The U.S. Supreme Court will address the responsibility of social media for content

The U.S. Supreme Court will address the responsibility of social media for content

The U.S. Supreme Court will consider two cases that call into question the federal protection of Internet companies and social media, exonerating them from responsibility for content posted by users.

According to Bloomberg, this is the first court review of the legislative immunity enjoyed by social media companies under section 230 of the Communicate Act of 1996, which gives the Internet platforms broad powers to manage their websites, and protects them from legal liability for the actions of users, with the exception of a relatively small list of cases.

The first case concerns a case against Google belonging to the Alphabet Inc., filed by relatives of a 23-year-old United States citizen, Noemi González, who died in a riot in Paris in November 2015 and accused the company of violating the Anti-Terrorism Act because its YouTube service recommended a video of a terrorist group to other users. Two lower courts, including the 9th U.S. District Court of Appeal in San Francisco, sided with Google, claiming that the claim should be dismissed.

The Supreme Court also agreed to consider a Twitter appeal in the case of the armed terrorist attack on the Reina nightclub in Istanbul in 2017. In the same ruling, which acquitted Google of publishing a video of events in Paris, the Court of Appeal stated that Twitter, Google and Facebook* Meta Platforms should be charged with playing a role in the terrorist attack in Istanbul without identifying or removing the material.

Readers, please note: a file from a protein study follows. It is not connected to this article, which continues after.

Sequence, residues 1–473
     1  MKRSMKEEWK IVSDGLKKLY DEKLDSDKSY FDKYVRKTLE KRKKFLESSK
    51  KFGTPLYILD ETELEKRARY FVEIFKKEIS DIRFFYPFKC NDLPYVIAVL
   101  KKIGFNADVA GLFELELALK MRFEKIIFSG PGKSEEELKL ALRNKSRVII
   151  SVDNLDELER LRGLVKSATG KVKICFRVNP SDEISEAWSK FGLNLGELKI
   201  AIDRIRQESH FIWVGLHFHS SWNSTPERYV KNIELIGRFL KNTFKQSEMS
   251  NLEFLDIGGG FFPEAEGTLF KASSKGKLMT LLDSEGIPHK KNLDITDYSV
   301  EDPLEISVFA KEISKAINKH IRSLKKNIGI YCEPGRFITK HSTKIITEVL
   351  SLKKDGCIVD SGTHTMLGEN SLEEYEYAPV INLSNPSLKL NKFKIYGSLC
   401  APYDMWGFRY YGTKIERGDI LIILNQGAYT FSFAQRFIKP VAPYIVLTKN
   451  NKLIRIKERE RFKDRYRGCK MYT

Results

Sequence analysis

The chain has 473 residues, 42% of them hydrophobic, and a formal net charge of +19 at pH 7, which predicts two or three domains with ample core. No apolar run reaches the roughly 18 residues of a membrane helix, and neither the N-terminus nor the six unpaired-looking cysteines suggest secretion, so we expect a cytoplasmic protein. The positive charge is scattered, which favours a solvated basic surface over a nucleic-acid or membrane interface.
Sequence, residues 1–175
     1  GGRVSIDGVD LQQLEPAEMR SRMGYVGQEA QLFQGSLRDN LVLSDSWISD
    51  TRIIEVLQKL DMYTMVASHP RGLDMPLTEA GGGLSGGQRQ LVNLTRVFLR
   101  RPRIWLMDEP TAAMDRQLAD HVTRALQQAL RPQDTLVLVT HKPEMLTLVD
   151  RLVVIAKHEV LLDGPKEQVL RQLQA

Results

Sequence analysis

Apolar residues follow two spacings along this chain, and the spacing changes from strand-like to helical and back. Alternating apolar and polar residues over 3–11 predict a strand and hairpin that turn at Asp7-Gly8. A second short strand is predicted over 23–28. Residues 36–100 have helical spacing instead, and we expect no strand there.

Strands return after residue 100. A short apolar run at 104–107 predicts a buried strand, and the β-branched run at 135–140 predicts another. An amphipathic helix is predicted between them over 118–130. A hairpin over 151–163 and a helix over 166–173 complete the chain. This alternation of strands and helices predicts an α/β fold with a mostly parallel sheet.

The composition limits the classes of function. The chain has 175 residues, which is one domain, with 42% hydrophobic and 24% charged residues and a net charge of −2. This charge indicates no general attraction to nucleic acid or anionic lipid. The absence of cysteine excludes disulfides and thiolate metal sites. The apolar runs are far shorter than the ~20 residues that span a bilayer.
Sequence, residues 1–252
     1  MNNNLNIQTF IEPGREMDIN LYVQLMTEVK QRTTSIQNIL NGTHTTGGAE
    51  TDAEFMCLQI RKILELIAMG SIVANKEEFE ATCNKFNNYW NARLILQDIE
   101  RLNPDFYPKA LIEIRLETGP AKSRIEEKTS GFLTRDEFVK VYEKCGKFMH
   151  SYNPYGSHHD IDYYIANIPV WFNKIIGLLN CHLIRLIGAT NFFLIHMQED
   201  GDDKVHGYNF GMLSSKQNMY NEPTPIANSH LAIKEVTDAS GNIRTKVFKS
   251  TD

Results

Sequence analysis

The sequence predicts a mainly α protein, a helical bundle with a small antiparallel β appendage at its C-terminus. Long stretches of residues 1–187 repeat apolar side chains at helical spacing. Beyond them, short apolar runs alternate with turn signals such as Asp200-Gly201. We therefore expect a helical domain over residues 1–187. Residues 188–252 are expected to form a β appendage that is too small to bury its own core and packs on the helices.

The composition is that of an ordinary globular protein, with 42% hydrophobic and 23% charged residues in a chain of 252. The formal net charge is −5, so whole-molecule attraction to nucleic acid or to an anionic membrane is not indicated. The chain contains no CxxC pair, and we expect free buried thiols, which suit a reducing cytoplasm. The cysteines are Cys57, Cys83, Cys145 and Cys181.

In its appeal, Twitter claims that the Court of Appeal has unduly extended the scope of the Anti-Terrorism Act by advancing the suit.

In May 2020, the Supreme Court refused to hear a similar case, dismissing an appeal as to whether section 230 of Facebook* protects U.S. citizens who were victims of terrorist attacks in Israel.

Previously, the U.S. Second Circuit Court of Appeal ruled that section 230 prohibited the hearing of an action, but the President did not agree by criticizing the broad immunity that the courts granted to Internet companies and calling on the U.S. Congress to amend the law.

The Supreme Court of Justice will hear the above cases early next year, and judgement is expected at the end of June.

* Listed on the list of voluntary associations and religious organizations in respect of which the court has taken a legally enforceable decision to abolish or prohibit activities on the grounds provided for in Federal Act No. 114-FZ of 25 July 2002 on countering extremist activities.